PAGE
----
What do you teach?
One of the common questions we get asked, as instructors for CNUDojo, is "what art do you teach?" A good, shorthand answer I typically offer is, "Karate, Judo, and Jiu-Jitsu;" it's also only partially true.
KBK originally broke off from Kajukenbo, a style that had been constructed by four masters with four different backgrounds, and whose name reflects this, as it is a portmanteau of "Karate, Judo, Kenpo, Boxing." Much like its parent art, that version of KBK insisted that the art would absorb what was useful and shed what was not.
When Sensei Will instructed us, we were taught a version of KBK that was quite focused on the striking arts, and we became keenly aware, as we progressed how anemic the grappling elements of the art had become. It was for that reason that Sensei Sarah and I chose to modify the curriculum again, this time greatly emphasizing grappling skills in addition to the effective, striking program that we had received from the dojo's founder.
We decided, too, to drop the idea that KBK was a distinct art. After all, there is nothing in the name to indicate such. You see, what we practice is not a do, like Karate-do, Kendo, Aikido or Judo. These are a way (a literal translation of the word), a method of self-improvement couched in the rigors of the martial arts. It is also not nominally a collection of techniques and strategies, as are the arts of Jiu-Jutsu, Aiki-Jutsu, Iajutsu and Kenjutsu, for jutsu means "technique" or "science." No, KBK is a kai, a society, a collection of people.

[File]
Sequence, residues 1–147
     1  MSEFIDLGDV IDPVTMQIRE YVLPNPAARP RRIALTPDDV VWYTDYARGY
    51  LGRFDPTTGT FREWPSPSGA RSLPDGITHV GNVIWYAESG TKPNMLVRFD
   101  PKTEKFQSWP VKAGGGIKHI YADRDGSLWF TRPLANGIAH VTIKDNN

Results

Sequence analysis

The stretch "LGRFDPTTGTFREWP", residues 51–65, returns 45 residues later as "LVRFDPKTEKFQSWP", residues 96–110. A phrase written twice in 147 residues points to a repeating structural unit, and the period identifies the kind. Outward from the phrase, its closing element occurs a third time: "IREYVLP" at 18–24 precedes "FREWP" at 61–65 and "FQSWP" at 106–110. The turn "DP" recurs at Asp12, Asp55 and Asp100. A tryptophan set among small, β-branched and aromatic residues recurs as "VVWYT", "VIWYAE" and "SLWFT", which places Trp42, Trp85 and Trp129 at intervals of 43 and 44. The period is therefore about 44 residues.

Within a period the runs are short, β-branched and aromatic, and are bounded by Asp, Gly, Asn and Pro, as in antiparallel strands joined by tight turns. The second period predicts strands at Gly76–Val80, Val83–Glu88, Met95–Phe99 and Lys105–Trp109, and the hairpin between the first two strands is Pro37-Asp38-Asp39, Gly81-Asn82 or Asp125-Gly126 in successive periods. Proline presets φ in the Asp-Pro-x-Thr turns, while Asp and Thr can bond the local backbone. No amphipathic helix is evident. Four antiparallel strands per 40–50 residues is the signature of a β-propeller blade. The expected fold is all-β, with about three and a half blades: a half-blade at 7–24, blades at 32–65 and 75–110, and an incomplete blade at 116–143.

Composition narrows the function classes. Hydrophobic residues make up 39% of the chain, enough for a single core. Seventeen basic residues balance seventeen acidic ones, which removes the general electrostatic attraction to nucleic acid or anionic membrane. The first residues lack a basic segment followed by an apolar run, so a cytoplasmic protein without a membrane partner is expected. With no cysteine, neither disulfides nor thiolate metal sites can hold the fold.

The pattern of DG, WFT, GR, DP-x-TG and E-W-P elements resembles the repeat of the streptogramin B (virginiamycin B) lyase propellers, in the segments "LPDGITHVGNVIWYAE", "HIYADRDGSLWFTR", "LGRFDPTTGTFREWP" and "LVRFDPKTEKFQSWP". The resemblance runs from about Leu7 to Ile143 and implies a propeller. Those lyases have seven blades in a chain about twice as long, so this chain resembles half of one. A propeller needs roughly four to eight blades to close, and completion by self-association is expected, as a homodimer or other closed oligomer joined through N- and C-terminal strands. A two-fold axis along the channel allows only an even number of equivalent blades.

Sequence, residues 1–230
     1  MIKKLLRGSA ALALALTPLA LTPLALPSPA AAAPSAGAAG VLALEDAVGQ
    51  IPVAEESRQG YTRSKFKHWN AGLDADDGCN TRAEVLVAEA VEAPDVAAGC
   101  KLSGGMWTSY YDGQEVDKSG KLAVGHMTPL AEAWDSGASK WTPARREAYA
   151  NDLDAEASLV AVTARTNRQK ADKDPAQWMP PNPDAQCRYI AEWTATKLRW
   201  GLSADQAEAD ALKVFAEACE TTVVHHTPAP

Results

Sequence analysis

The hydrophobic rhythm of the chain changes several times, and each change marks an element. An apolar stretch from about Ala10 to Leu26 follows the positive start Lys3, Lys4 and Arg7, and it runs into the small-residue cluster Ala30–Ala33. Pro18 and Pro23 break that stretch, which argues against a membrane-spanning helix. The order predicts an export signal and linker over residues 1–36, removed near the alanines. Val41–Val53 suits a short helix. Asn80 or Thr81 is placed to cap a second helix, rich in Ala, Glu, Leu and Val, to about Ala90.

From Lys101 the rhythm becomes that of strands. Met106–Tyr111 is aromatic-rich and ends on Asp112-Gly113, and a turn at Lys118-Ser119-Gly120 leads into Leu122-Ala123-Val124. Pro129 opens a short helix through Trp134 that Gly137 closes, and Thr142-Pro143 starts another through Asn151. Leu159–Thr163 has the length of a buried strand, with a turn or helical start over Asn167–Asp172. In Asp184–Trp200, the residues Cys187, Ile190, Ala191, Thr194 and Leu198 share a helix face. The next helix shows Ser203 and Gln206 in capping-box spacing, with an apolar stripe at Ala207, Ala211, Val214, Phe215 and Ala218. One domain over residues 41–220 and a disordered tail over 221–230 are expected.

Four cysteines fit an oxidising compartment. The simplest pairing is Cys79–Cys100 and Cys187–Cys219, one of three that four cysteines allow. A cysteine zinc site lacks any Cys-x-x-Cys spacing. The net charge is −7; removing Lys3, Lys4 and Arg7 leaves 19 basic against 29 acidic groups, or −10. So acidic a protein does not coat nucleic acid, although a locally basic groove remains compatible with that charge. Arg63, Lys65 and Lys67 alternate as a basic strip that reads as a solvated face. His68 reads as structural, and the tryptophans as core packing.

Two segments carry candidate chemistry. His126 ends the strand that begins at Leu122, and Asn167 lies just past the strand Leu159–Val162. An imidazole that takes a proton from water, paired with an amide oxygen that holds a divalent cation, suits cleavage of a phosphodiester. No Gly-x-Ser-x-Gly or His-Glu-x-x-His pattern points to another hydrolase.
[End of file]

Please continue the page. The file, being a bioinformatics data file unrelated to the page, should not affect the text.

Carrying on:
So to what does our society devote itself? The rest of the name explains.
"Kaju" means two things. First, it is a portmanteau of Karate and Judo, owing this to its parent art. It also, however, is the Japanese word for a fruiting tree. The "Bujutsu" are the collected techniques and methods that make up the science of combat. So, in other words, we are the Society of the Fruiting Tree of the Science of Combat.
This, in our view, is a beautiful and apt description. We do not study any particular art exclusively, but try to examine the whole in a unified fashion with a keen focus on martial efficacy. If a kick, for example, is thrown three different ways across three different arts, we will examine the mechanics and the reasoning in order to offer our students the broadest, most comprehensive toolbox from which to construct their own, individual approach to unarmed combat. We are open; we will listen to those who have evidence to give in this matter, trying our best to suppress our inherent prejudices against contrasting practices, and through testing, decide for ourselves.
It is not merely that KBK is not an art; it is that we who are the KBK believe that all arts are one.